Sold! Brokers expect another busy year of M&A transactions

Last updated on May 13th, 2019 at 02:41 pm

Most of Milwaukee’s merger and acquisitions and investment banking firms had record years in 2006, and they anticipate similar levels of activity for 2007. Relatively low interest rates, the willingness of banks and other lending institutions to fund acquisitions and the appetites of both strategic and private equity buyers have fueled the robust market, industry insiders say.

Barring any unforeseen circumstances, those factors are unlikely to change before the end of 2007 and perhaps beyond.

Cleary Gull Inc., a Milwaukee-based investment banking firm, closed 11 deals in 2006, said Ronald Miller, managing director. Cleary Gull also provides individual and institutional investment advising. Seven of the company’s deals were in Wisconsin, Miller said.

“I think that 2007 will be more of the same,” Miller said. “We have a very strong backlog, and that’s consistent with (this point) last year. We have an equivalent amount of business signed up.”

Emory & Co., another Milwaukee investment banking firm, also had a record year in 2006. Although its six transactions were average in number, those deals had significantly higher dollar amounts, said Victoria Fox, managing director at Emory & Co.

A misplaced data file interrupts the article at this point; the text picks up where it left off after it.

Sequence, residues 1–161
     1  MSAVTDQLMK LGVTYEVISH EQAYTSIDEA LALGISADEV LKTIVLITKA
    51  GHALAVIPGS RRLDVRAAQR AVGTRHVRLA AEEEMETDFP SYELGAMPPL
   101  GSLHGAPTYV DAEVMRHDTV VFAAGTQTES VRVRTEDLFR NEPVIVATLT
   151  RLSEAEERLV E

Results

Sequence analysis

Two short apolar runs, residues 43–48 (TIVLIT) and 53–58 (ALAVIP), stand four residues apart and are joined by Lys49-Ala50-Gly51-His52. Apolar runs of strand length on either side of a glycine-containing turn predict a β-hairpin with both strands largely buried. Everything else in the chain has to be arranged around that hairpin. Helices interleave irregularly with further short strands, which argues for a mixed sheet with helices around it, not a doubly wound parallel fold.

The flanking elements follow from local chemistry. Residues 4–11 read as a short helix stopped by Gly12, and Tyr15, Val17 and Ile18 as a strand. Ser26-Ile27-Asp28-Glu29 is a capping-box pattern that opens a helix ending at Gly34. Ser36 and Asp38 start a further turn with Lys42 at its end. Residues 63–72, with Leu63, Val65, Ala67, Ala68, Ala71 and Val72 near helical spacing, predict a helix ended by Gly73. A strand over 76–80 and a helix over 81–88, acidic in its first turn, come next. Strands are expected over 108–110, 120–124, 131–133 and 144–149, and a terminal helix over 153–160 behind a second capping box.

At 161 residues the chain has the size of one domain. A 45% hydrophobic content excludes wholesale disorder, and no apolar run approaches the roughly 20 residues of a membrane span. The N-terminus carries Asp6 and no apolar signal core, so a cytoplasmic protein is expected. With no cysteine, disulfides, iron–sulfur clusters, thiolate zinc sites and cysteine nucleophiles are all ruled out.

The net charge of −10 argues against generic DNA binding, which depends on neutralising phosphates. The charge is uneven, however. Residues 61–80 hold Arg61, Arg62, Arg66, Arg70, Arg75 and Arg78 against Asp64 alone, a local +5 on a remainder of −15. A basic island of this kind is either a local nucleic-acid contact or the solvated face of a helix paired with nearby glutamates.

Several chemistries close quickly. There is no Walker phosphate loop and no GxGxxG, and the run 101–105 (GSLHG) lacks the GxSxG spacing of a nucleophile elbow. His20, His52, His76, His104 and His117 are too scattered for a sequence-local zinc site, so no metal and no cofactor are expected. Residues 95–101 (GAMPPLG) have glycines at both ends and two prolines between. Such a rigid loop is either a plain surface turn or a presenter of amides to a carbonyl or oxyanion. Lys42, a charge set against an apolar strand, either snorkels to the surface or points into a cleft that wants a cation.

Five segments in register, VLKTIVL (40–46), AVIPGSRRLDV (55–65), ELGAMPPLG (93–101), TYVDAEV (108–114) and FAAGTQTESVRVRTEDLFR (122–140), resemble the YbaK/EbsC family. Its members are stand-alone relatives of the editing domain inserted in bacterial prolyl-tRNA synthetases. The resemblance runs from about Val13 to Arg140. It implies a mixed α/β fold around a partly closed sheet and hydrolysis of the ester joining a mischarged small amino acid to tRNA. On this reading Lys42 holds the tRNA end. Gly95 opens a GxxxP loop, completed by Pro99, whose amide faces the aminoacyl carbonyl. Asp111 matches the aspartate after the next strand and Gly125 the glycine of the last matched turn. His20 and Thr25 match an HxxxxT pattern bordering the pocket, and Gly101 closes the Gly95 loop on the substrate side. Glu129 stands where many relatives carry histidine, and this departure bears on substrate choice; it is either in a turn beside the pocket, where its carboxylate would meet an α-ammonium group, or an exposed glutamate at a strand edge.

“Several of the companies we worked with last year, before they hired us were talking to a specific buyer,” Fox said. “We were able to get the purchase price far higher than they originally anticipated, between 30 percent and 350 percent (higher).”

Mertz Associates Inc., a Waukesha-based mergers and acquisitions firm, had a record year in 2006, according to Linda Mertz, managing director. The firm closed nine deals last year, up from its previous average of five deals per year, she said.

Mertz’s outlook for 2007 calls for continued activity, although 2008 might not be as rosy.

“Sellers are getting serious – they’re thinking about what might happen with capital gains,” she said. “The dollar is weak, and international buyers are strong.”

The competitive demand to grow companies is driving strategic buyers, Mertz said.

“If they’re going to (grow) organically, it takes more time,” she said. “Strategic buyers are saying they need to make a change in their business to be competitive, and they’re asking how they can do that quickly. That’s when they’re looking for acquisitions.”

Private equity firms are driving the M&A market in Wisconsin and across the nation, often aggressively competing with each another, said Joe Sweeney, managing director of investment banking with Corporate Financial Advisors LLC, a financial consulting firm that provides investment banking, commercial litigation, valuation, corporate recovery and private equity services. Corporate Financial Advisors has offices in Milwaukee and Waukesha.

Private equity firms’ appetites for companies show no signs of being satisfied, Sweeney said.

“I think 2007 will be very strong,” Sweeney said. “Nothing lasts forever, but I think (2007) will be pretty strong. I still talk to dozens of firms every week, and I get a lot of e-mails.”